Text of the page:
Luis Cabrera’s call for a strong institutional cosmopolitanism to foster a rights-based world government comes at a moment of increasing world disorder. The capacity to manage, much less prevent, transnational crises is on the wane. Do existing networks of nation-states combined with a multitude of non-governmental and quasi-governmental arrangements offer a promising basis for reversing the drift toward an unruly planet?
This question loomed large during the recent annual UN General Assembly and the countless side events that surrounded it. Despair, hope, and urgency were palpable. Heads of state and thousands of delegates from UN affiliates, civil society, business, and other groups convened amidst growing instability on multiple fronts: climate disruption; threat of nuclear conflict; millions of involuntary immigrants uprooted by civil conflict; human trafficking seemingly immune to rigorous documentation, much less prevention; and the failure to care for an estimated one quarter of the world’s children suffering from malnutrition.
Notwithstanding the thematic, siloed agenda of the UN events, these concurrent crises are not discrete phenomena. Instead, they are fueled by a mix of internal strife, ecological degradation, wealth inequities, and the actions of self-serving sovereign states with little accountability to the global body politic. The inability of existing institutional arrangements to address such systemic issues was in full view.
The UN alone, of course, cannot be blamed for this current state of affairs. While the UN’s historic mandate is sweeping and its aspirations bold, its legal authority and financial resources fall woefully short of supporting an enforceable body of law and regulation. Critics point to an undemocratic, bureaucratized institution that has failed to achieve its grand aspirations in terms of peacekeeping, human rights protection, and shared prosperity, along with, since the 1970s, stewardship of the global ecological commons. But focusing on the flaws of the UN invites the larger question: Would the world be better off or worse off without it?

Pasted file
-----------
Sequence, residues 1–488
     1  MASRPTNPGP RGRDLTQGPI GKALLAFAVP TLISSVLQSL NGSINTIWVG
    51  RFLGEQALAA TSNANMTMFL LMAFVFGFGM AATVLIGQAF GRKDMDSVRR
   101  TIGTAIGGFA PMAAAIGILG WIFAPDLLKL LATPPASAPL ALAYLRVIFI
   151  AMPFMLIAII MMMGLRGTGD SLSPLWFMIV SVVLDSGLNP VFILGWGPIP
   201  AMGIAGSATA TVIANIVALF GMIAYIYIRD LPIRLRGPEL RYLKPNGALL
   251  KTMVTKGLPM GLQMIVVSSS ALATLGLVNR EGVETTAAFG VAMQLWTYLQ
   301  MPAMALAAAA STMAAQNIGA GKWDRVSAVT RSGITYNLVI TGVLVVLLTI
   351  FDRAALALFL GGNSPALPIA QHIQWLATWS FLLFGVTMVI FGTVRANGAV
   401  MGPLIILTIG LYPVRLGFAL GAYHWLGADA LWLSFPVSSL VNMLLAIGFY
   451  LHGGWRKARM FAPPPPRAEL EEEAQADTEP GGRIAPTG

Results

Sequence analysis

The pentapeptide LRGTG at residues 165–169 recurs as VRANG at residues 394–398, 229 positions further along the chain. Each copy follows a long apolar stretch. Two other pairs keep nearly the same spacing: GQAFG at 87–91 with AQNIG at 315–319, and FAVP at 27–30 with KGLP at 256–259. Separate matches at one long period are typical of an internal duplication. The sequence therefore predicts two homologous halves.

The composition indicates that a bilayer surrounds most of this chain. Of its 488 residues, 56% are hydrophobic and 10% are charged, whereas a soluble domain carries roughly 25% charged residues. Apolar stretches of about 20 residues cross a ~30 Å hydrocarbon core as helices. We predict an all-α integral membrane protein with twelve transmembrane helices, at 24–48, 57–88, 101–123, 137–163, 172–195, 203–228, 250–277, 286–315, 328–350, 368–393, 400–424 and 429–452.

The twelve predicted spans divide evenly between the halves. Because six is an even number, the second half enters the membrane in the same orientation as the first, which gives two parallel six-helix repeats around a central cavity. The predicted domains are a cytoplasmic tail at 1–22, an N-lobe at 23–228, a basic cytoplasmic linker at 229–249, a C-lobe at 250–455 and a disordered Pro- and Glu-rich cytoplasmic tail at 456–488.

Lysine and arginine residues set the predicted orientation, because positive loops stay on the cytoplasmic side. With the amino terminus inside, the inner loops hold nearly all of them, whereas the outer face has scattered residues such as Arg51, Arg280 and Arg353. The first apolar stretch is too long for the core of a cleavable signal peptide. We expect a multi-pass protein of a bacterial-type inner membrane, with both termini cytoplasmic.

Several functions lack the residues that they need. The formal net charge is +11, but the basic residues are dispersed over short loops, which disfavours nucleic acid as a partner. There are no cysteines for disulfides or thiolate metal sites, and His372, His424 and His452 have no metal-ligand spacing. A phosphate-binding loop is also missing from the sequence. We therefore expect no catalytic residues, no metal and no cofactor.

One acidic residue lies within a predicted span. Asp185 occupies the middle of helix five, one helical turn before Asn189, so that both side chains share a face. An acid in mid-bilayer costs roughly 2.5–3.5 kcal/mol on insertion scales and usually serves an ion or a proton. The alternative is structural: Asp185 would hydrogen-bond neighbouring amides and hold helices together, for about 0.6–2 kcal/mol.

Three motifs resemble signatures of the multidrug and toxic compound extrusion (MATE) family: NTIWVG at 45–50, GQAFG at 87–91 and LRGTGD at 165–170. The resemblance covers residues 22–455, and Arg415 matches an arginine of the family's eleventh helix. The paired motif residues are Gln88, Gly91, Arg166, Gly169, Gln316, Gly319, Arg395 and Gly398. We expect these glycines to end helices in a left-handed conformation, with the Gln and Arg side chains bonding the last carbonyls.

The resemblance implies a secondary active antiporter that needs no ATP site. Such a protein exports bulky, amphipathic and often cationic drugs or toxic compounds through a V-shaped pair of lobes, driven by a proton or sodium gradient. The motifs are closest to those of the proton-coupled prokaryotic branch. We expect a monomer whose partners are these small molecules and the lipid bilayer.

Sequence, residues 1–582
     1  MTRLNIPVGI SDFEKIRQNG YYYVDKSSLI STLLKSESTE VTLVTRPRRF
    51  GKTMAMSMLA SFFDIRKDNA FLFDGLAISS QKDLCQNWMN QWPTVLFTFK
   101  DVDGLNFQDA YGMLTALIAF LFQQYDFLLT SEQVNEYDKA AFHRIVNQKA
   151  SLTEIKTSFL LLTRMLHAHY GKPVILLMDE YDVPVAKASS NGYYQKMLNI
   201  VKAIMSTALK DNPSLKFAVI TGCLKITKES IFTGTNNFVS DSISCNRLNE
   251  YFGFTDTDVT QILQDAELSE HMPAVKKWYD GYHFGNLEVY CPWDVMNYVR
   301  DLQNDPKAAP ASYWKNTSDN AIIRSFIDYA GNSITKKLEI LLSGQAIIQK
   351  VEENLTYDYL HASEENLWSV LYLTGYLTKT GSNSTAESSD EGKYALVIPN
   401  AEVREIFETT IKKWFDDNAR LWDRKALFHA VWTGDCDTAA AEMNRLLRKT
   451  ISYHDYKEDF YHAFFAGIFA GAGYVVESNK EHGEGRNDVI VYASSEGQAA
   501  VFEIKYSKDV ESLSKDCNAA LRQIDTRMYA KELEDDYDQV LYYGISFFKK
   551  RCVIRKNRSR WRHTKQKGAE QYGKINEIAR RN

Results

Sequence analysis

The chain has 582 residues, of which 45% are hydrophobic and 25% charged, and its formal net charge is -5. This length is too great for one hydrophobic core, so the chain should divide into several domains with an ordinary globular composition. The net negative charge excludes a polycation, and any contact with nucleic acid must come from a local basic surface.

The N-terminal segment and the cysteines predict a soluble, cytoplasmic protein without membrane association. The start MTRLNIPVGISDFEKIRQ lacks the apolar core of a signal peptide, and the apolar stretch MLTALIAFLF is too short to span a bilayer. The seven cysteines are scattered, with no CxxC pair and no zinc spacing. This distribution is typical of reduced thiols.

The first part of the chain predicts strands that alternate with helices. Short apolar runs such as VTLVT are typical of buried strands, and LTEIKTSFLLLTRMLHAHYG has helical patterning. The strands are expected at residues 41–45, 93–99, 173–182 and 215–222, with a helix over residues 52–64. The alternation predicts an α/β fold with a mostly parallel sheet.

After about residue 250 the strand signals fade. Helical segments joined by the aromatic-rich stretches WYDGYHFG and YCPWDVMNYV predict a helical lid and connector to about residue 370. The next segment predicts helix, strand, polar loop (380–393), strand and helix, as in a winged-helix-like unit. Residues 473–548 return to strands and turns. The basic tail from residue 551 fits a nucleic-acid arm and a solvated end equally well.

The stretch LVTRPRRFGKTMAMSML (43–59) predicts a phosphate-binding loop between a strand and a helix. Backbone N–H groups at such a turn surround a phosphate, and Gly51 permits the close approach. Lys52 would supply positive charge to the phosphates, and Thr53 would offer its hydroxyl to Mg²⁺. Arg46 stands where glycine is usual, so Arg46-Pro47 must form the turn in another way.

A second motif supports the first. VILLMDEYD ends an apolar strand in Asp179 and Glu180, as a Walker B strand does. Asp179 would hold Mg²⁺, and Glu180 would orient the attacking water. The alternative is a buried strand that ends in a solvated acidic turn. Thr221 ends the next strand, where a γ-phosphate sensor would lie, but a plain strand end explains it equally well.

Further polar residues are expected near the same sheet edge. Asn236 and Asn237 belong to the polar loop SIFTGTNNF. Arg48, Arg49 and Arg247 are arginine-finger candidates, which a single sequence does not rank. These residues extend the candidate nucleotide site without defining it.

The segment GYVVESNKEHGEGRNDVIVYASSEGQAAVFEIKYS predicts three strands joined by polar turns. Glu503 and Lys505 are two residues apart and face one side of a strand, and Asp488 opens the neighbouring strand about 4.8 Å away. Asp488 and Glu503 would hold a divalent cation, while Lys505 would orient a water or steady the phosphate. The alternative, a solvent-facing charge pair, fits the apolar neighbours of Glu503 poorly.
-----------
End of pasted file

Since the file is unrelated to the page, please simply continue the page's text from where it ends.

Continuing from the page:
Cabrera’s multi-tiered, incrementalist approach toward global government may be the only plausible path forward. But its prospects are inextricably linked to the emergence of a global consciousness embraced by citizens worldwide and manifested in the collective action such as the Indian Dalits have pursued. Imagine if this group allied with Africa Rising, Buen Vivir in the Andean nations, and other kindred entities to create a movement of movements. A transnational formation of this type would bolster the prospects of a broad range of global initiatives, both governmental and non-governmental, hard law and soft law.
By creating a more expansive operating space for both the timid and the transformative, a supranational grassroots movement would challenge the status quo by provoking sorely needed discourse focused on systemic change. Absent such debate, a gradualist strategy on its own is unlikely to reverse the current drift toward breakdown that threatens the planetary future.